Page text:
In São Paulo state, investment is expected to reach 1.68 billion reais (US$ 950 million) in Guarulhos and Congonhas airports, as well as another 936 million reais (US$ 530 million) in Viracopos terminal, in Campinas, 99 kilometers away from state capital São Paulo.
In all, the largest city in the country should receive almost 34 billion reais (US$ 19.2 billion) in works for the world cup. Expectations are for 500,000 foreign tourists to visit the country in the month of the Cup, as well as 3,000 journalists.
Among the great hotel chains, expectations for the 2014 world cup are already great. At Accor group, originally French and operating in the country with brands Sofitel, Novotel, Mercure, Ibis and Formule 1, there are 73 hotels currently operating in the cities to host the 2014 Cup, with over 25 units under construction, with investment of 480 million reais (US$ 270 million).
The company says that there are another 34 points in advanced negotiation with investors for future construction. And that is not all: in the cities close to the capitals that are going to receive matches, there are 18 projects in implementation and 35 in advanced negotiation.
Blue Tree Group, for example, forecasts five inaugurations in the Midwest and North this year. “We are observing very positive performance,” explained the executive president at Blue Tree network, Chieko Aoki. “The first quarter of the year was one of growth of 15% when compared to the same period in 2009,” she said.
According to the businesswoman, the sector is getting ready to receive the visitors to come to the Cup and Olympics. “Being one of the main links in the tourism chain, we are organizing ourselves now so as to offer top-end products and services,” said Chieko.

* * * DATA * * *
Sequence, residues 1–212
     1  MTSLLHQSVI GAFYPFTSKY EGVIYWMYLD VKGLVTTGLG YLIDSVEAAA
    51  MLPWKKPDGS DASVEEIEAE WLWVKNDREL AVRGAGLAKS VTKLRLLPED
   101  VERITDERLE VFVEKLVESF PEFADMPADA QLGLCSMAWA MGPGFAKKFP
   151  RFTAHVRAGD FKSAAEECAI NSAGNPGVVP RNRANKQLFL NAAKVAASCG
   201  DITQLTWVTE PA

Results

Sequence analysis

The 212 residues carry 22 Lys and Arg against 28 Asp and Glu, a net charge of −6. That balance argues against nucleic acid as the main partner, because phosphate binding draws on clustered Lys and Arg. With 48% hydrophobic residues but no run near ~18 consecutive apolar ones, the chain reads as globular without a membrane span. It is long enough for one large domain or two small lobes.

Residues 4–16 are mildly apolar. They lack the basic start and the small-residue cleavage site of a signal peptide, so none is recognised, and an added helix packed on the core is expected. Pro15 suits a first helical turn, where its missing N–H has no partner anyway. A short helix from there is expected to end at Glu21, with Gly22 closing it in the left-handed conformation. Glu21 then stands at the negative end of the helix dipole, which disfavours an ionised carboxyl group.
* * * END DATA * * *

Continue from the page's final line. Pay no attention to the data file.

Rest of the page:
According to the president at Arbache Consultoria, a professor and consultant in the area of market intelligence, Fernando Arbache, the country needs high-end services to reap the rewards of promotion of the Cup and the Olympics. “The main benefits come after these events,” he explained.
“Most of the countries that prepared themselves well had positive results as, after the games, the tendency is for those present to return as tourists,” he said. If the opposite takes place, the embarrassment may be great. “The cost of a badly organized Cup may last decades,” he said.
Arbache warns that studies and estimates regarding visitation for both great sports events should be developed not considering the current reality, but based on the country we will be in 2014 and 2016, with more cars on the streets and people needing quality public transpiration to see the matches. “Other bottlenecks to be worked are the expansion of the number of passengers at airports and the greater consumption of energy, for example,” she explained.
The logic is that, if it is well worked, tourism may change the country in terms of generation of jobs. “Those who go on holiday want to rest and have privileges, without facing automated services,” explained Arbache. “Tourists want to be served, in person. And that is where the sector may generate many jobs.”
To exemplify what he says, Arbache uses Cancun, a popular resort in Mexico. “Hotels in Cancun offer excellent services. All Mexico had to do was notice that to start attracting tourists from all over the world,” he said. “Brazil needs to become more professional in this respect, to understand that tourism is an impulse to social mobility for many workers,” he says.